This is not quite a printer printing itself but just as impressive, the real use case of using 3D printing in a critical way during product development – functional prototypes that can be used in the printer.
All design work on the ARKe was completed in SOLIDWORKS as we are a Solid Works solutions partner. The system allowed us to collaborate not only internally amongst our own engineering team but internationally with our manufacturing partners and suppliers.
During initial product development certain parts needed to be tested before ordering tooling or large quantities for production. These are commonly long lead items so being able to prototype these parts and then check the design for function, form and fit saved time and money during the development process – this is when 3D printing comes into its own.
For the purposes of this blog I will outline just some of the parts that were designed in SOLIDWORKS and then printed and tested in the ARKe during the design phase of product development.
Glue bottle system
For the glue bottle system, we needed to make sure that the lid was easy to access and that it was easy to open and close. We 3D printed the part with the threads included so that we could test this. When we finally got the production parts in we double checked our initial testing by confirming the production lid would screw into the printed bottle and vice versa. Along with printing the threads of the glue bottle lid we printed holes along the joining faces of the bottle slightly smaller than the self-tapping screws we planned on using. Once post-processed we were able to thread the printed part with the self-tapping screws. A third method of tapping screw holes on this prototype was used for the glue pressure sensor where we again printed a hole in the part but used a traditional tap to add the threads we required. The printed part also ensured we left enough clearance inside the printer for the bottle to fit.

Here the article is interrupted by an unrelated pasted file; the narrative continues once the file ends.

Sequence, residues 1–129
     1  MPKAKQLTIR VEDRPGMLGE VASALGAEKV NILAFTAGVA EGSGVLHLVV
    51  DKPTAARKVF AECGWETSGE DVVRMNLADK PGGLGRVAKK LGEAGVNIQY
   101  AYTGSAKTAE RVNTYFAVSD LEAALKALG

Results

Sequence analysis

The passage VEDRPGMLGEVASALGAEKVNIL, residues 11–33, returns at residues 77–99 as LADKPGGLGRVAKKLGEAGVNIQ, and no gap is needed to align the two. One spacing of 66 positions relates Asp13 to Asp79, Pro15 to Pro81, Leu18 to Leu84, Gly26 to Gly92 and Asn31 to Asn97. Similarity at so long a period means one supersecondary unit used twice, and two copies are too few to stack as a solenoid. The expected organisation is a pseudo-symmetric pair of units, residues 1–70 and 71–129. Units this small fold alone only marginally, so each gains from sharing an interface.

A gasket was designed to fit between the two bottle halves; this was drawn in SOLIDWORKS and the eDrawing was converted to a PDF which was then converted to a vector drawing in Inkscape in order to have the part laser cut. Before ordering the laser cut parts we were able to double check the size was correct by converting the SVG file into an STL using tinkercad. This also ensured that nothing had been lost in translation while bouncing between SOLIDWORKS, drawings, a PDF and the vector drawing.
The maintenance tray sits on the 2D print bar and houses the print heads when not in use. It is designed to be removable and we had to design a bracket that would allow us to slot the tray in and out easily. In order to test this bracket in place before receiving the production trays we were able to print the SOLIDWORKS model and test for a tight, secure fit and access to the area for users to easily remove and replace the part.
The pin wheel in the paper feed is critically accurate to feeding the paper so we had to ensure that the pins aligned with the holes of the paper. By printing this part first on our 3D printers we could make sure the alignment was correct. We also were able to ensure that the bar on which it sits was able to clear the through hole without too much play and that the grub screw through the pin wheel would secure it in place on the bar well enough not to slip during the operation.
3D printing is an integral part of any design process especially a design with over 1000 parts in it.It may not be a self-replicating printer just yet but it sure helped in a very functional way in the development of the ARKe.